Senate committee reaches compromise on ID theft bill
Posted May 12, 2009 5:44 a.m. EDT
Updated May 12, 2009 6:26 p.m. EDT
Raleigh, N.C. — A state Senate judiciary committee reached a compromise Tuesday on proposed legislation to help protect personal information, such as Social Security, bank account and driver's license numbers, from being made public electronically.
Under the negotiation, redacting any information that could potentially lead to identity theft would be voluntary until July 1, 2011, so counties have time to come up with a system to do so.
After July 1, 2011, it would become mandatory for the offices to redact the information.
The full Senate could vote on the bill as early as this week.
The North Carolina Identity Theft Protection Act of 2005 stopped banks from putting personal numbers on housing documents, but it does not require government agencies to redact that information from public documents filed before the law went into effect.
Under current law, government agencies can remove the information only as individuals request it.
Although there is support for legislation, those close to the issue have expressed concerns about the costs associated with additional manpower and software needed to remove the information.
Kimberly Hargove, register of deeds in Harnett County and the legislative co-chairwoman for the North Carolina Association of Register of Deeds, said each county would have to hire a vendor to run the redaction software.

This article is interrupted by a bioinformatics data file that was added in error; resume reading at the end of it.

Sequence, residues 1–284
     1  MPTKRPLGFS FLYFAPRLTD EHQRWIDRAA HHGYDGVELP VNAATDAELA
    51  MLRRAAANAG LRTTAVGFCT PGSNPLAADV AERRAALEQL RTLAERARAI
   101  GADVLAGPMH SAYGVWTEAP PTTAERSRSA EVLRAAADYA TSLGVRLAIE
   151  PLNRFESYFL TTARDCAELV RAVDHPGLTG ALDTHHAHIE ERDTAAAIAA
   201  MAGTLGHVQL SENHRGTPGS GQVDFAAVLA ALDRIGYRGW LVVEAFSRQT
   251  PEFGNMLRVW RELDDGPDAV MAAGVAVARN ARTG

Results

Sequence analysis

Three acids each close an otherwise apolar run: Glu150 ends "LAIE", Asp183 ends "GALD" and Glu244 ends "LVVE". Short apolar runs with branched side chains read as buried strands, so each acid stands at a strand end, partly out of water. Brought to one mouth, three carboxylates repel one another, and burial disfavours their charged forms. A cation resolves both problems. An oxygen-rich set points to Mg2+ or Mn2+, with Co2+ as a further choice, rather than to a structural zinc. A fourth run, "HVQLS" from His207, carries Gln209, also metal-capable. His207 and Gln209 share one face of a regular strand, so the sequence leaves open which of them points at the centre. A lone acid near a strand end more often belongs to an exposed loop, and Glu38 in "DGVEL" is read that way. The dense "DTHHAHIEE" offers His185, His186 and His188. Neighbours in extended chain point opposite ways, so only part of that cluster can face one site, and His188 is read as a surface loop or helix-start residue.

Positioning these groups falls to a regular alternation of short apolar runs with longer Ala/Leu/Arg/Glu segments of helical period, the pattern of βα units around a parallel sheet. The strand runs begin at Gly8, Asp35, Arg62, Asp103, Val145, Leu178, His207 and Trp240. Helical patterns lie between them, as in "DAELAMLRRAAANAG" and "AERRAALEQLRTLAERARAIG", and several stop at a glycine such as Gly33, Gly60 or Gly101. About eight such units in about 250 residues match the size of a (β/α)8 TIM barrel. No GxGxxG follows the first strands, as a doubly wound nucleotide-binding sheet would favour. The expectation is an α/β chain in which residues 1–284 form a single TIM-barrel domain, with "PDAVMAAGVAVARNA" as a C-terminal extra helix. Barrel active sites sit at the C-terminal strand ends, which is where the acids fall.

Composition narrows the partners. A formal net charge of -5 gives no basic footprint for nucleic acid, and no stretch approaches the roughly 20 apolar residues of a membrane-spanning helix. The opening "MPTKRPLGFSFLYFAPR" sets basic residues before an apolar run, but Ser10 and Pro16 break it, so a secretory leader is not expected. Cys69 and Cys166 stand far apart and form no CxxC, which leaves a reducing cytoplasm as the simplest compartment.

Quotes range from $300,000 to $1.5 million per county, she said. Only about a quarter of North Carolina's counties could afford to redact information voluntarily, she said..
Laura Riddick, register of deeds in Wake County, said she supports the effort but believes the state needs to help fund it.
It would cost $2 million to redact personal information from the 22.7 million documents in Wake County, she said. Because the software has a margin of error, she said, there would also need to be a dedicated staff to support the effort.
"This is an unfunded mandate in a time of budget cuts," Riddick said.
Durham County's register of deeds, Willie Covington, said he prefers the system as it is and that he would not know how he would begin to start going through records.
"I think it's a good idea to take baby steps by 2011," said Johnston County Register of Deeds Craig Olive. "We can prioritize our budgets all across the state.
As many as 20,000 documents contain personal information in Johnston County, he said. The price for him to redact the information, he said, is about $46,000.
The negotiation combines two bills that were previously before the committee for consideration.
Senate Bill 1017 would have required registers of deeds to use optical character recognition technology or other reasonably available technology to remove the information.
Senate Bill 900 would have made it voluntary for counties to remove the information. The same information would still exist on hard copies of the public documents to which anyone has access.